iWARRIORWALK USA TOUR – STOP #40
WALKED ON OCTOBER 5, 2010
On Tuesday, October 5, 2010, I (Stanley Bronstein) walked 2 hours on the campus of the University of New Hampshire. I then walked 1/2 hour in Concord, New Hampshire. Then another 1/2 hour in nearby Warner, New Hampshire. Then I walked the remaining 2 hours on the campus of Dartmouth College and the surrounding area in Hanover, New Hampshire.
Highlights of the New Hampshire leg of the tour:
- I got an early start.
- Traffic was very light, so the driving was easy.
- While at the University of New Hampshire, I just so happened to catch their ROTC during their weekly flag raising ceremony.
- While in Concord New Hampshire, I just so happened to run into the Christa McAuliffe Discovery Center. Unfortunately they weren’t open yet, so I didn’t get to go in.
- While in Warner, I met a couple of very nice people during lunch.
- Dartmouth College had an excellent museum with some great exhibits.
- The drive to Vermont was easy and I got plenty of rest.
As usual, I recorded a podcast which can be listened to
by clicking the button right below these words.
Here are pictures from my walk.
DOUBLE CLICK ON THE IMAGE THUMBNAILS TO VIEW FULL SIZE PICTURES
Here are 5 fast facts about New Hampshire:
- New Hampshire is a state in the New England region of the northeastern United States of America. The state was named after the southern English county of Hampshire. It borders Massachusetts to the south, Vermont to the west, Maine and the Atlantic Ocean to the east, and the Canadian province of Quebec to the north. New Hampshire ranks 44th in land area, 46th in total area of the 50 states, and 41st in population.
- It became the first post-colonial sovereign nation in the Americas when it broke off from Great Britain in January 1776, and was one of the original thirteen states that founded the United States of America six months later. In June 1788, it became the ninth state to ratify the United States Constitution, bringing that document into effect. New Hampshire was the first U.S. state to have its own state constitution.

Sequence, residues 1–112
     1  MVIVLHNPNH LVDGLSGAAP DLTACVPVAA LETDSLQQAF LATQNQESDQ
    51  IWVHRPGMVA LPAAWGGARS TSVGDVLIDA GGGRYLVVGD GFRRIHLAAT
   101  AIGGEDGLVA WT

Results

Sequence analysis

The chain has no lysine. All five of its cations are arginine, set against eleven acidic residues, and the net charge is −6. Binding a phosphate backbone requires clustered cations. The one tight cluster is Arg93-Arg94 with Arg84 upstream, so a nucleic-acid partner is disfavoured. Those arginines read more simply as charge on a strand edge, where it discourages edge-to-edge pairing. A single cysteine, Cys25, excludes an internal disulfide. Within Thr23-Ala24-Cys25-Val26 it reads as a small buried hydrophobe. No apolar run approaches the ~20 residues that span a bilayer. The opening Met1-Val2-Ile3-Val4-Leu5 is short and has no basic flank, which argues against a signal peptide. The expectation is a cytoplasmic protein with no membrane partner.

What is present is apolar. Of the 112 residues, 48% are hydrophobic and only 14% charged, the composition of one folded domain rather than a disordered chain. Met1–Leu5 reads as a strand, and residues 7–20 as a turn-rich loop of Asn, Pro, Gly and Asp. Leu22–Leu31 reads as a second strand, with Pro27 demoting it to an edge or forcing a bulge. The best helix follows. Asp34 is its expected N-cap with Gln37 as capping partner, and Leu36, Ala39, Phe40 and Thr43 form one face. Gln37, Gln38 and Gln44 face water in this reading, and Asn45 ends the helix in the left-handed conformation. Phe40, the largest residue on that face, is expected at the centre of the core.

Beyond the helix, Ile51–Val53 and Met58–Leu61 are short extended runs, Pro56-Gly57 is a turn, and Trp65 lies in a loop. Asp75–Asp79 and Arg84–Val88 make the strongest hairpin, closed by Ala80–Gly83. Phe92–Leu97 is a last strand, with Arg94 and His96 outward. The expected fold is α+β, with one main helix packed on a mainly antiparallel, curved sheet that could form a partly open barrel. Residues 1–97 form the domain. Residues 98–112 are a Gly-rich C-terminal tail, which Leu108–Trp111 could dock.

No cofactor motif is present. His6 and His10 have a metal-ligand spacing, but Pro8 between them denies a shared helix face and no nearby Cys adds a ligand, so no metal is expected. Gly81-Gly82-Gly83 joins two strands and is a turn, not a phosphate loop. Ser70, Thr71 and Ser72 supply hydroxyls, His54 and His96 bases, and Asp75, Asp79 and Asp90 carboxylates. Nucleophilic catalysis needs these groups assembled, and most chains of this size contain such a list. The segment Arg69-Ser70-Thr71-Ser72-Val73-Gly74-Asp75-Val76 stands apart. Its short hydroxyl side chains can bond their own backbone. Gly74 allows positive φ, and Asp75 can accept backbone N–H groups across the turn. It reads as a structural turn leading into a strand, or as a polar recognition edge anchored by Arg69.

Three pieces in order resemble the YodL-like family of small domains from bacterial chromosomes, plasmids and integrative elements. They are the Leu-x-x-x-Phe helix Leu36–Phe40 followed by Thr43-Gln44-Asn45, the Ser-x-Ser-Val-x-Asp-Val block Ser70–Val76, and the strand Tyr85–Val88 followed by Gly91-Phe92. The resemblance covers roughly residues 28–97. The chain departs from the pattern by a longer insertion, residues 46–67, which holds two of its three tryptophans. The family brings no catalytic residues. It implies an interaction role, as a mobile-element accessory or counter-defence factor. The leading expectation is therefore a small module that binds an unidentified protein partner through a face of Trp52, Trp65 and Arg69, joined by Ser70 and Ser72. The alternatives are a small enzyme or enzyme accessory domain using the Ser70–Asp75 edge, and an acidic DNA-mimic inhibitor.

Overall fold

- It was the first state to declare its independence. The only battle fought there was the raid on Fort William and Mary, December 14, 1774 in Portsmouth Harbor, which netted the rebellion sizable quantities of gunpowder, small arms, and cannon (General Sullivan, leader of the raid, described it as, “remainder of the powder, the small arms, bayonets, and cartouche-boxes, together with the cannon and ordnance stores”) over the course of two nights. This raid was preceded by a warning to local patriots the previous day, by Paul Revere on December 13, 1774 that the fort was to be reinforced by troops sailing from Boston. According to unverified accounts, the gunpowder was later used at the Battle of Bunker Hill, transported there by Major Demerit, who was one of several New Hampshire patriots who stored the powder in their homes until it was transported elsewhere for use in revolutionary activities.
- Since 1952, New Hampshire gained national and international attention for its presidential primary held early in every presidential election year. It immediately became the most important testing grounds for candidates for the Republican and Democratic nominations. The media gave New Hampshire (and Iowa) about half of all the attention paid to all states in the primary process, magnifying the state’s decision powers (and spurring repeated efforts by out-of-state politicians to change the rules.)
- The Bureau of Economic Analysis estimates that New Hampshire’s total state product in 2008 was $60 billion, tenth lowest in the United States. Median household income in 2008 was $49,467, seventh highest in the country. Its agricultural outputs are dairy products, nursery stock, cattle, apples and eggs. Its industrial outputs are machinery, electric equipment, rubber and plastic products and tourism. New Hampshire experienced a significant shift in its economic base during the last century. Historically, the base was composed of the traditional New England manufactures of textiles, shoe-making, and small machining shops drawing upon low-wage labor from nearby small farms and from parts of Quebec. Today, these sectors contribute only 2% for textiles, 2% for leather goods, and 9% for machining of the state’s total manufacturing dollar value (Source: U.S. Economic Census for 1997, Manufacturing, New Hampshire). They experienced a sharp decline due to obsolete plants and the lure of cheaper wages in the South.
Next stop, Vermont.